Determining when sex education will take place and who will teach the class is a job that requires long-term planning on the part of school administrators. To increase the impact of the CHART program, schools must make decisions that are likely to ensure every student has the opportunity to take sex education from a competent and confident instructor. This section provides important information to assist CHART districts in selecting the course in which to teach the sex education program and in selecting the best teacher for the class. While school districts may have unique needs and circumstances, these suggestions are likely to be relevant to most districts.
Assigning competent and confident educators to teach sex education is very important, especially in the initial implementation phase when the school, the students, and the community are adjusting to the new program. House Bill 999, Mississippi’s sex education law, is silent on the qualifications of teachers who may teach sex education. However, the CHART policy requires school districts to select teachers that have specific licensure or endorsements.
The CHART policy specifies that CHART curricula “will be taught by licensed health educators, family and consumer science educators, or educators with a health education and/or science endorsement.” All schools will have at least one staff member with at least one of these qualifications already on payroll. Schools should use existing staff to teach sex education and not feel required to hire new staff or to assign the school nurse to teach sex education (unless the nurse wishes to teach the course).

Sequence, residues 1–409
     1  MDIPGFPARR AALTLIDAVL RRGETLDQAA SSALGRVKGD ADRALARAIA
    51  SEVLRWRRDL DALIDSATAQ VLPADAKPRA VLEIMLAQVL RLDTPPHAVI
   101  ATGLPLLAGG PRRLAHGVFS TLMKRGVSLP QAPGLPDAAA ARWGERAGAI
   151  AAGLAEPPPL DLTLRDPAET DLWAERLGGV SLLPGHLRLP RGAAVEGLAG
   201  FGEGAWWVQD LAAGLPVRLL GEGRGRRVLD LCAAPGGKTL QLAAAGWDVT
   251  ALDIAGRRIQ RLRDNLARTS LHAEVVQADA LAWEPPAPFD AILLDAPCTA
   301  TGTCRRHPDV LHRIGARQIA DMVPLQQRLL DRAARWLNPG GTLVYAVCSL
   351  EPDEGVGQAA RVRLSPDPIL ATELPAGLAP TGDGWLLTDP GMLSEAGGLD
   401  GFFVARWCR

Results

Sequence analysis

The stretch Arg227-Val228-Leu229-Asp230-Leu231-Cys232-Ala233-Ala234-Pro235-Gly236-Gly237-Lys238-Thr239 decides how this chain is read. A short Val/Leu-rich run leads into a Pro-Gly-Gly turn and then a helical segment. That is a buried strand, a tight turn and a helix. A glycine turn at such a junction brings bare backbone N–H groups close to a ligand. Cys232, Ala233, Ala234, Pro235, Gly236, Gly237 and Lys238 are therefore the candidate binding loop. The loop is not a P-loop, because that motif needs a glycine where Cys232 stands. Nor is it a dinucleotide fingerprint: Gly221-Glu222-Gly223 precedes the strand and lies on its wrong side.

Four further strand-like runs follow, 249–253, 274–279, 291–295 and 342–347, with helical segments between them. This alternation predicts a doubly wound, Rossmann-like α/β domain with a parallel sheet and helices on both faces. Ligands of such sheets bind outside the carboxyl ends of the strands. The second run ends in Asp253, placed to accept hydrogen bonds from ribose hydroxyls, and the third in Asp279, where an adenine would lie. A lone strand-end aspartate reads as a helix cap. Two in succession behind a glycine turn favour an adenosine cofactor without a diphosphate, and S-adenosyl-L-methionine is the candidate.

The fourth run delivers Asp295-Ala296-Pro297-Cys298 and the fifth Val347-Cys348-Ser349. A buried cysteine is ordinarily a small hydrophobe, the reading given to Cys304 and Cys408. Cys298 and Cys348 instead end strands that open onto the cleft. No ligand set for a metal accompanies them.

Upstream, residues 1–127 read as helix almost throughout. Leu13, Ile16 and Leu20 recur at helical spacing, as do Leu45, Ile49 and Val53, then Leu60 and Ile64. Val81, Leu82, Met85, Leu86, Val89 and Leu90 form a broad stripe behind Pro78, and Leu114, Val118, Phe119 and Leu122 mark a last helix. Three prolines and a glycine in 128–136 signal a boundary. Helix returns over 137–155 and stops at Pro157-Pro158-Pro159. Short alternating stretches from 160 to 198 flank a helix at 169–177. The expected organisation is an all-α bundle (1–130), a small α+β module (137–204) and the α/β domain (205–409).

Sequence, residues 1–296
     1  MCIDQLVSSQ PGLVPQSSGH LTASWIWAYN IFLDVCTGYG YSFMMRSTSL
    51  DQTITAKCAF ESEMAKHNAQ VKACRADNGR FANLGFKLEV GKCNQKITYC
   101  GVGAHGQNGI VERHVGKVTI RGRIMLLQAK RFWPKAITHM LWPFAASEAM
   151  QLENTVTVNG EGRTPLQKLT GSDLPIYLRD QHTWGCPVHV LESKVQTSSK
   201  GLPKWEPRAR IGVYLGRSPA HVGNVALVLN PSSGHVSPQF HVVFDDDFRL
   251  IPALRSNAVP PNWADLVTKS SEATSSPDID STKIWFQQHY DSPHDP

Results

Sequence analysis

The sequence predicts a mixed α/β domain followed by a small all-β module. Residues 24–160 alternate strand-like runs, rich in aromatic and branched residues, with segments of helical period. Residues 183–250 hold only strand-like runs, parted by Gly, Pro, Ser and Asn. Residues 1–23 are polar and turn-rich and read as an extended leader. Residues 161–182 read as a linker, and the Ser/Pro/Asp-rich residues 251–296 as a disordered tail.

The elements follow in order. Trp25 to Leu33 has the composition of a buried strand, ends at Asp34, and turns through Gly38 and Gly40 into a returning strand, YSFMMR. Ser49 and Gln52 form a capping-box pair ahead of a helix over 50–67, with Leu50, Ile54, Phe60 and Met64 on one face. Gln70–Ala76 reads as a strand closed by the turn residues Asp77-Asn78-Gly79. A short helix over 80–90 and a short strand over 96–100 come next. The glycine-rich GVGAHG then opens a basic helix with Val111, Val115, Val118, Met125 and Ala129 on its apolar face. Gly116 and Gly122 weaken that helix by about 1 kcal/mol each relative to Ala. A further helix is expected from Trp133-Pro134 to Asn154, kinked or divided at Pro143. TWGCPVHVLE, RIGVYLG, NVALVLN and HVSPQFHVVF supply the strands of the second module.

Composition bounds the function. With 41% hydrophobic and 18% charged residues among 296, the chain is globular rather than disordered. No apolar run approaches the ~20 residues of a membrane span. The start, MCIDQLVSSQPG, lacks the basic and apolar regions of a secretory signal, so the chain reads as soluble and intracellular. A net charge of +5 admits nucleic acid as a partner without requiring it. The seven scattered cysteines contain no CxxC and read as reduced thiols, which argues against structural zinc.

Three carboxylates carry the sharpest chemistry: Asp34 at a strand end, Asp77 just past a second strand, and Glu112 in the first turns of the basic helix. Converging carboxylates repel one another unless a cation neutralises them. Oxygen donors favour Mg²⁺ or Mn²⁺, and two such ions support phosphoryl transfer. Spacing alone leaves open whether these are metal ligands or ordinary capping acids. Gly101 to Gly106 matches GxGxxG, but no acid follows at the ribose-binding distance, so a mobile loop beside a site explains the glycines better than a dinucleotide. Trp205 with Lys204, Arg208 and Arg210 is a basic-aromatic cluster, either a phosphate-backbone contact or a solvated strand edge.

The CHART curricula are intended to fit into an existing course offered by the school.
The first issue that CHART districts should consider in making this decision is whether the course reaches every student. Placing the sex education program in an elective course that very few students take will significantly diminish the impact that CHART will have, even though all CHART curricula have been proven effective.
Secondly, CHART districts should consider whether the current demands of the course can accommodate a sex education unit. The curriculum in state-tested subjects, for example, may be too carefully structured and paced to allow for additional lessons, especially if the objectives of the sex education course do not align well. Another example might be a class that is only offered for one nine-week period in which the course is just not long enough to absorb extra lessons.
Courses that are likely to meet the needs of most districts are listed by grade level below. Each school district should choose the course that is best suited for their population of students, even if that course is not listed here.
Click here for the CHART Implementation Guide that provides tips, checklists, best practices, and other useful information that will help districts select teachers and courses to teach the CHART curricula.